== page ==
Is NSUserDefaults thread safe for exchanging data between extensions in IOS?

The documentation for extending the app under "Sharing Data with Your Content" uses NSUserDefaults to do this and writes a little more that

"To avoid data corruption, you must synchronize data access. Use Core Data, SQLite, or> Posix locks to help coordinate data access in a shared container.

But when I look at the documentation for NSUserDefaults,

"The NSUserDefaults class is thread safe."

So do I need to use some kind of lock when using NSUserDefaults between my extension and container or not?


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2 answers

Thread safety refers to the ability to modify data structures in memory from one thread in a way that does not damage the ability of other threads to view or modify those structures as well. When you use NSUserDefaults

to exchange data between an application extension and its containing application, you are not exchanging data in memory between multiple threads, you are sharing data on disk between multiple processes, so thread safety discussions do not apply.

The documentation for NSUserDefaults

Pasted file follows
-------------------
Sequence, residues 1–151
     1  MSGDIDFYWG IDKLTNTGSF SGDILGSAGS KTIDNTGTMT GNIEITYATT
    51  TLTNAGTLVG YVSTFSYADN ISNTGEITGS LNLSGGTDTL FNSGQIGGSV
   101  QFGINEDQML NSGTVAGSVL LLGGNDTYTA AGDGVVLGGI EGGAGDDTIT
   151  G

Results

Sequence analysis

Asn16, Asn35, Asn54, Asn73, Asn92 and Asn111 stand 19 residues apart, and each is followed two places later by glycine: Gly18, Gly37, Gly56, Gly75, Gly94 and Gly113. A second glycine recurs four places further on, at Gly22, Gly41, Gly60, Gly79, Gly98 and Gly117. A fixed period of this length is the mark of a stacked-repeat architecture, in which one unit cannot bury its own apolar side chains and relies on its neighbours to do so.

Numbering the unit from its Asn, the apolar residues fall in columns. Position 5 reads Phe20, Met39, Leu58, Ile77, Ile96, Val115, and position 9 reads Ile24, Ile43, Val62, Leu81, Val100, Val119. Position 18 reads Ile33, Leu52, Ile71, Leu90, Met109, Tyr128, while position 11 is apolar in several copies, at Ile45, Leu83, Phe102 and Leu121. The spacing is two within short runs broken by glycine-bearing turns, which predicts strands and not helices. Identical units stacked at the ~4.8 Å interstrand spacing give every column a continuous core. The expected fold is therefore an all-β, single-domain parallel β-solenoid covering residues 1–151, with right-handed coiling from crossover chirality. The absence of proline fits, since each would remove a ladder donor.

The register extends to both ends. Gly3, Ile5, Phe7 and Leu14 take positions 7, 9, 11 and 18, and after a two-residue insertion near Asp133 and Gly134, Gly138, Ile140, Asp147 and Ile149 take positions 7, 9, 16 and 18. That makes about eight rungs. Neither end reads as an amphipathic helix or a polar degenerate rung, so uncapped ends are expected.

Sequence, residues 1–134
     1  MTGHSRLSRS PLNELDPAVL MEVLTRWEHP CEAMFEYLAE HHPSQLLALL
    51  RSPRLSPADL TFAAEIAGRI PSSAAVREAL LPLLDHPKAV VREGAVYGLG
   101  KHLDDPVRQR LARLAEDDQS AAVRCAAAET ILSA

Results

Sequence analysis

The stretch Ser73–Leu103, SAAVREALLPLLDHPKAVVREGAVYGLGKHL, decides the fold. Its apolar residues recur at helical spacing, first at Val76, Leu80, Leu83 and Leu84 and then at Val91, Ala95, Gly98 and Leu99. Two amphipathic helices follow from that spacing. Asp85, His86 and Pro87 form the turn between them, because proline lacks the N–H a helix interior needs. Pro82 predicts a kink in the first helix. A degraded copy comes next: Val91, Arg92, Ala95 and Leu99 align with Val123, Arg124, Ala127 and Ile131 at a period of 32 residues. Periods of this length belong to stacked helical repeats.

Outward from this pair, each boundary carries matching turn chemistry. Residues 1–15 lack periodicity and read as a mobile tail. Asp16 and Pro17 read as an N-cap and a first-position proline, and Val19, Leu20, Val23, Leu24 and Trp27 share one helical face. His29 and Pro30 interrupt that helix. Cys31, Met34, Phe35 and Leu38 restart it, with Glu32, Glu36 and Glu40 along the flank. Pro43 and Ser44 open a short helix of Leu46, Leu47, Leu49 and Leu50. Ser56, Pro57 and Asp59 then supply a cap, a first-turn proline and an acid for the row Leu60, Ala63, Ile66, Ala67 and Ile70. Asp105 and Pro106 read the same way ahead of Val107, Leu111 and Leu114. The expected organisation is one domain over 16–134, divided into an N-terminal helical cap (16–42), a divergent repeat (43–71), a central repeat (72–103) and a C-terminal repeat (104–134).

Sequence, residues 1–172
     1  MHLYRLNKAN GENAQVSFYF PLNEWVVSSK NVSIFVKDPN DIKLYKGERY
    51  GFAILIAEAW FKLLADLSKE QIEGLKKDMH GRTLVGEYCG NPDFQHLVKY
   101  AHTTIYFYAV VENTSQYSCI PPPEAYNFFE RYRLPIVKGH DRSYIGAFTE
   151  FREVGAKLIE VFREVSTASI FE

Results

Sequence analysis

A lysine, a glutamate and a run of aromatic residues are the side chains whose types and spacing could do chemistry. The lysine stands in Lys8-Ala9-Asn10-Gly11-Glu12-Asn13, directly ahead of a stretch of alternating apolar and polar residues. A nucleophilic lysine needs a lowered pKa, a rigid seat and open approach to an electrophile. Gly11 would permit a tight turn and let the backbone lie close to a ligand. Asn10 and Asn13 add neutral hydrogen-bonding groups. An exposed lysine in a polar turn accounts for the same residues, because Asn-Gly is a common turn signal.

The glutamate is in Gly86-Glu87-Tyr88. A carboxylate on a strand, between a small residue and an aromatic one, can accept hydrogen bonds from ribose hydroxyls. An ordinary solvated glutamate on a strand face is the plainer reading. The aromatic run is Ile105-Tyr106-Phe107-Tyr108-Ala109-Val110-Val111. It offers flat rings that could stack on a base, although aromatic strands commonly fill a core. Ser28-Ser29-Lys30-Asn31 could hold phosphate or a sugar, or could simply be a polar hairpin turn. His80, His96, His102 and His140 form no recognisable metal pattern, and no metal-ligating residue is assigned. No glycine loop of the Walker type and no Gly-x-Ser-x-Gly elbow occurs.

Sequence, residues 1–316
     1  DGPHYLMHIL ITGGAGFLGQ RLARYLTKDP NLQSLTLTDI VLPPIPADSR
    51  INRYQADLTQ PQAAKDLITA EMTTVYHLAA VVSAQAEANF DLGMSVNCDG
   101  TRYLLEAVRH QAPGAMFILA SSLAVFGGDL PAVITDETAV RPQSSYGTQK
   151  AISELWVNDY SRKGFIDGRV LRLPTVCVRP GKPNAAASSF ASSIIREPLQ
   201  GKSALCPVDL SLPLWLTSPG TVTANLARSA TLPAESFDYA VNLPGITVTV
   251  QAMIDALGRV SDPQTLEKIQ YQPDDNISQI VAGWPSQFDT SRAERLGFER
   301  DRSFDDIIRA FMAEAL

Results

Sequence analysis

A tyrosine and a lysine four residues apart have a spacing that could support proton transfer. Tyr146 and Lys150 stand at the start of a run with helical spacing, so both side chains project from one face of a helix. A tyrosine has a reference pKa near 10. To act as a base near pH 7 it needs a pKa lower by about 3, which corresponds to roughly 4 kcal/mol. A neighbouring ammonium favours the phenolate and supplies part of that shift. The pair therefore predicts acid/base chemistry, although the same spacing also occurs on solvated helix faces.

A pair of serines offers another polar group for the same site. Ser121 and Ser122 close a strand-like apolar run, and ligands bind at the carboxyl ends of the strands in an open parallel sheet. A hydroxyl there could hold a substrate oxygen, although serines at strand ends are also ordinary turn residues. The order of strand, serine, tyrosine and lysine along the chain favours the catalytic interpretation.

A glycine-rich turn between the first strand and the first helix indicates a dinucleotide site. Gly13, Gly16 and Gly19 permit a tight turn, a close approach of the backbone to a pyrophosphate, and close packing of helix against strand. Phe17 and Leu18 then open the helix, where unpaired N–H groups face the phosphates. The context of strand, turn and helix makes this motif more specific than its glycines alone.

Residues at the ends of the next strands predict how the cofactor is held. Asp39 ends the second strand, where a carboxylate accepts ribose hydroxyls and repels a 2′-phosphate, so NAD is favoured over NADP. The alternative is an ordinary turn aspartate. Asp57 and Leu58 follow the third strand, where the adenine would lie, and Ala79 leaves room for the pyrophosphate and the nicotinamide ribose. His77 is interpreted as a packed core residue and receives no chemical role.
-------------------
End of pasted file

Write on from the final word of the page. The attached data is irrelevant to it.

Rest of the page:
does not answer exactly, but one can almost certainly assume that it uses atomic file writing - that is, there is no danger of one process reading a file that was partially written by another process. If you are concerned about race conditions or other timing issues between when an application writes defaults and your extension reads them (or vice versa), just make sure to be synchronize

right after important writes and just before important readings.

The data corruption comment applies to normal read / write operations - naive reading or writing of a file in two processes can lead to data corruption, as one process can read a partially written file or partially overwrite the contents of a file. If you are doing your own file I / O yourself, you need some sort of coordination mechanism (e.g. NSFileCoordinator

, but be careful, that only works between iOS apps / extensions in iOS 8.2 and newer ). Or you can use higher level utilities that do their own coordination, such as CFPreferences

/ NSUserDefaults

, SQLite, master data, or Posix file locks.

TL; DR: Yes, you can safely NSUserDefaults

share between an extension and its containing application. Just follow the guidelines in Apple's App Extension Guide .



The documentation is not very clear, as it uses NSUserDefaults

one of the communication methods as a basic example, but also covers other options without much delay. You should be secure enough to use NSUserDefaults

without trying to get the lock first, I was building a Today extension using that and I had no data corruption issues. I call synchronize

after every entry, but to ensure that the data is saved immediately.



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